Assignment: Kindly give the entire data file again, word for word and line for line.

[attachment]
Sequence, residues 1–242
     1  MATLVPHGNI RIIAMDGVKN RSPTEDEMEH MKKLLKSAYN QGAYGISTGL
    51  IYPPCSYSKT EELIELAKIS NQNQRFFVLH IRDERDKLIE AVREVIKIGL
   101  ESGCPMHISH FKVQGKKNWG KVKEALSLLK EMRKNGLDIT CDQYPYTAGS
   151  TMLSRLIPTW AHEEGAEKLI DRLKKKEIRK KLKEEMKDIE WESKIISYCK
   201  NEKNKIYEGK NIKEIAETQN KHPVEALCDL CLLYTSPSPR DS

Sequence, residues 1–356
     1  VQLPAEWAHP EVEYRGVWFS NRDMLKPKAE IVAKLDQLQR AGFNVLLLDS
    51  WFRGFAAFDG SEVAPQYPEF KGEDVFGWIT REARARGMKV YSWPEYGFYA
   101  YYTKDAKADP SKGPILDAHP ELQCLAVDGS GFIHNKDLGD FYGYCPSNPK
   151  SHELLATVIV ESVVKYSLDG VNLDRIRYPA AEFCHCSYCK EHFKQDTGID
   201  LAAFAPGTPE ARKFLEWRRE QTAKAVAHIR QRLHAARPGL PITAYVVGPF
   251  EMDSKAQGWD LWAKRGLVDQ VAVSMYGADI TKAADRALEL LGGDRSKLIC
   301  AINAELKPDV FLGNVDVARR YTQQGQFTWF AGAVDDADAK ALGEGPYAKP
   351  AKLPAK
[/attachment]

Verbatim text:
Sequence, residues 1–242
     1  MATLVPHGNI RIIAMDGVKN RSPTEDEMEH MKKLLKSAYN QGAYGISTGL
    51  IYPPCSYSKT EELIELAKIS NQNQRFFVLH IRDERDKLIE AVREVIKIGL
   101  ESGCPMHISH FKVQGKKNWG KVKEALSLLK EMRKNGLDIT CDQYPYTAGS
   151  TMLSRLIPTW AHEEGAEKLI DRLKKKEIRK KLKEEMKDIE WESKIISYCK
   201  NEKNKIYEGK NIKEIAETQN KHPVEALCDL CLLYTSPSPR DS

Sequence, residues 1–356
     1  VQLPAEWAHP EVEYRGVWFS NRDMLKPKAE IVAKLDQLQR AGFNVLLLDS
    51  WFRGFAAFDG SEVAPQYPEF KGEDVFGWIT REARARGMKV YSWPEYGFYA
   101  YYTKDAKADP SKGPILDAHP ELQCLAVDGS GFIHNKDLGD FYGYCPSNPK
   151  SHELLATVIV ESVVKYSLDG VNLDRIRYPA AEFCHCSYCK EHFKQDTGID
   201  LAAFAPGTPE ARKFLEWRRE QTAKAVAHIR QRLHAARPGL PITAYVVGPF
   251  EMDSKAQGWD LWAKRGLVDQ VAVSMYGADI TKAADRALEL LGGDRSKLIC
   301  AINAELKPDV FLGNVDVARR YTQQGQFTWF AGAVDDADAK ALGEGPYAKP
   351  AKLPAK